Maine Revenue waging tax war against retirement centers

by Rep. Brian Langley

Maine’s elderly in retirement facilities are facing a crisis. Maine Revenue Services (MRS) has reinterpreted state tax law to require a 7 percent tax on food served in common dining areas. This change treats Mainers who reside in retirement facilities as though they are dining in a restaurant rather than their homes. After paying Maine taxes for years, they now have to worry about MRS putting a bulls-eye on their lunch.

The tax also has implications for retirees’ health, because it pushes many of them to eat in their rooms rather than in social areas to avoid the meals levy. While this may seem like a mere inconvenience, studies show that a solitary lifestyle causes depression,  health problems and can even potentially shorten life spans.

So why would we allow this overzealous interpretation of the law which potentially hurts our parents, grandparents or great-grandparents?

MRS estimates that this tax will bring in about $550,000 annually. We all agree that the Maine budget is in crisis due to the recession; but taxing essentials, such as meals for retirees, is not the answer. This annual half a million dollars is a mere drop in the bucket compared to Maine’s current $5.4 billion two-year budget.

While this tax is almost inconsequential to fixing Maine’s budget woes, it places significant new burdens on retirement facilities. To make matters worse, MRS is conducting retroactive audits of 75 or 80 facilities, going back six years, with penalties and interest that total an estimated $3 million. Yes, that is correct. When MRS conducts an audit, they can go back six years and add fines and penalties to the back taxes. Imagine paying taxes on meals eaten six years ago. But MRS has already audited about 20 of these retirement centers and plans to hit them all.

If MRS is not stopped, citizens living in these facilities could face higher costs for services. Facilities in need of repair could see delays and possible layoffs. Worse, many folks living in these retirement communities pay their own way. If costs increase significantly, their savings will dry up quicker, putting them at risk of ending up on the welfare rolls sooner rather than later.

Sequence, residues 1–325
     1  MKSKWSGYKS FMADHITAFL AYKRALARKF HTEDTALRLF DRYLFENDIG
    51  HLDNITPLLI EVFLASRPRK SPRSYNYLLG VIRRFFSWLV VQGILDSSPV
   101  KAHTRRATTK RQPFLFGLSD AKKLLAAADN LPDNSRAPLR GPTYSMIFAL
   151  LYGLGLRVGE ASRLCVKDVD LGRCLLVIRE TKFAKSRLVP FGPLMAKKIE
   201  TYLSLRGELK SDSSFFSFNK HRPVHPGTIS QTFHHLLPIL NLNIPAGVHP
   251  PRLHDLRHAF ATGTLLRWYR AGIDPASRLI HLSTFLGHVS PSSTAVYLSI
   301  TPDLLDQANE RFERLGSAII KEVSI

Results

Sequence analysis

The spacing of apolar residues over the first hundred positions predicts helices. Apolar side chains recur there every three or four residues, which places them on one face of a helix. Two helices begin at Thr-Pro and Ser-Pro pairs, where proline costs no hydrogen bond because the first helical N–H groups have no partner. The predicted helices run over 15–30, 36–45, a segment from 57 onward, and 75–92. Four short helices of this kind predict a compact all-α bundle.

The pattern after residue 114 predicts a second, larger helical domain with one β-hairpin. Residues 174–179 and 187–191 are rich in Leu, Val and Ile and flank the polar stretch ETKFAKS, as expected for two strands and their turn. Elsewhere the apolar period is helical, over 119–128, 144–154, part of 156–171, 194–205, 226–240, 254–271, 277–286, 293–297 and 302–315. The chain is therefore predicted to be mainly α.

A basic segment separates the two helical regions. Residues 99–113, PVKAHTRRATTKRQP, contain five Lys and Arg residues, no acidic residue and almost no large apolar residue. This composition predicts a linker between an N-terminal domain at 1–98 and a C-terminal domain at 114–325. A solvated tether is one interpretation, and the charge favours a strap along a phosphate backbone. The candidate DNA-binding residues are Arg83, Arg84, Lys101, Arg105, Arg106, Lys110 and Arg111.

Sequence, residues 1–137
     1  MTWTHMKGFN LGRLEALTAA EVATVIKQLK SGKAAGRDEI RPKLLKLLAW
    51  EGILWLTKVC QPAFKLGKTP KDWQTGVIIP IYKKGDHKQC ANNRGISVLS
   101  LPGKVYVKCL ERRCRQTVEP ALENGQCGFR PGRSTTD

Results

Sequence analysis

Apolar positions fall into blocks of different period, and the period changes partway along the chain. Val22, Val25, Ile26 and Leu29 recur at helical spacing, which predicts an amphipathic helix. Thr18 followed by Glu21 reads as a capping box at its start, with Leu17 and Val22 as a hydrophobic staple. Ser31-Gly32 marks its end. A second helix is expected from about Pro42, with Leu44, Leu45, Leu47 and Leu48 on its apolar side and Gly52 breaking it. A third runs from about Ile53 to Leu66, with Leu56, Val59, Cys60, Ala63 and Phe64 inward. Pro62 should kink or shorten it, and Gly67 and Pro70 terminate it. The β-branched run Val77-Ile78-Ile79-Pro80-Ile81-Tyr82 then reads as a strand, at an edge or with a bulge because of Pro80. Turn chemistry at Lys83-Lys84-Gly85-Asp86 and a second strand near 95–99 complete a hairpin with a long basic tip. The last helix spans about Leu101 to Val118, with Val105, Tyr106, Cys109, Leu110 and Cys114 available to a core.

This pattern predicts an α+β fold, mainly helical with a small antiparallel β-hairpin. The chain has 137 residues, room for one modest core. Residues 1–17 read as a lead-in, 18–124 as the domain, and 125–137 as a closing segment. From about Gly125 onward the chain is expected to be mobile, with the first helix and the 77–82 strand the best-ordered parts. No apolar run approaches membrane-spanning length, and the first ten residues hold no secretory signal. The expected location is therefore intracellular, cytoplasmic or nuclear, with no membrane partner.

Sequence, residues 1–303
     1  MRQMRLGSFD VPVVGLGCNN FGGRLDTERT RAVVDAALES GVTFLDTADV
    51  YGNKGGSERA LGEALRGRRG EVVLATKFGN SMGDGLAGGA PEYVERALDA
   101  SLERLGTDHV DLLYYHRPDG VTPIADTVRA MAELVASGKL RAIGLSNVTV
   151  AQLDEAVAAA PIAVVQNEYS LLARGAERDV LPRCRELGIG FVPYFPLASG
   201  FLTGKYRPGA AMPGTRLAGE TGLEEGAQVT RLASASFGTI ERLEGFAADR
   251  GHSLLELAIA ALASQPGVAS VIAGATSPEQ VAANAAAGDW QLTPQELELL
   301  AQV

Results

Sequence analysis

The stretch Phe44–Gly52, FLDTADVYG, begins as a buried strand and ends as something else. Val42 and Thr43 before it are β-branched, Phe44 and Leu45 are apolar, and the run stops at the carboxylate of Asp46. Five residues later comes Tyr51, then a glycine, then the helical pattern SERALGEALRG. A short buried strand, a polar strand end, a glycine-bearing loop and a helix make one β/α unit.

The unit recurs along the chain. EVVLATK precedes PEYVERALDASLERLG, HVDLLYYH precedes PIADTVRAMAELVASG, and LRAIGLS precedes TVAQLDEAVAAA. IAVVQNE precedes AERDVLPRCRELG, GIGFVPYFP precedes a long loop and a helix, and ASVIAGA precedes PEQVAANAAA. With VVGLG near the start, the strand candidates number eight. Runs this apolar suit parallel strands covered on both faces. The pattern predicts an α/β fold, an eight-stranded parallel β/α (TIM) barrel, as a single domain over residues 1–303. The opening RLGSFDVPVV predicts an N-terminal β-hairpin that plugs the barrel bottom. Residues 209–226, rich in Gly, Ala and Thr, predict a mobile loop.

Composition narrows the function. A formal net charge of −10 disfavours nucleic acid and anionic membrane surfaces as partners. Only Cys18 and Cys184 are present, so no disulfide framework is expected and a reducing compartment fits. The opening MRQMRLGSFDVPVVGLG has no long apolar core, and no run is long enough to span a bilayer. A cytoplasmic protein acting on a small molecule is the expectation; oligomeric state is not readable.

To add insult to injury, these taxes are now counted as income in future budgets and it is nearly impossible to stop MRS. The Taxation Committee unanimously supported a bill to exempt the meals prepared in retirement centers from taxation, but because of its cost, the bill died.

MRS continues to reinterpret state statutes to collect more money from Maine businesses and individuals. Just recently they claimed plastic bags used by redemption centers should be taxed. In the not-so-distant past, they claimed disposal fees for used tires, meals served in summer camps and prescriptions for pets should be taxed. Only one entity has the constitutional power to tax. That is the Legislature, and in the upcoming new session the Taxation Committee needs to rein in MRS. They are out of control.

Republicans and Democrats alike are working to right this wrong. We need to remedy this by simply exempting retirement centers from the meals tax. Several pieces of stand-alone legislation were introduced in the last session by members of both parties to stop this unfair tax on retirees.

In June, Republican Senators Kevin Raye and David Trahan formally asked Governor Baldacci to suspend the tax audits. As their letter to the governor said, “At a time when pensions and retirement funds are hard hit by the economic downturn, it would be unconscionable to require residents to pay more for a service they received in the past.” The governor’s spokesman replied that the audits will move forward.

The Taxation Committee has further requested that any reinterpretation of tax law be brought before the committee prior to assessing back taxes and penalties. That request now must come as a change to state law to ban MRS from reinterpreting the law and then banking a savings without first getting statutory approval from the Legislature.  

Breaking bread together with friends is a right we all share; it’s not a privilege. Squeezing more money out of the fixed incomes of our parents, grandparents and great-grandparents for eating in their homes with their friends is nothing short of outrageous.

Rep. Brian Langley (R-Ellsworth) serves on the Taxation Committee in the Legislature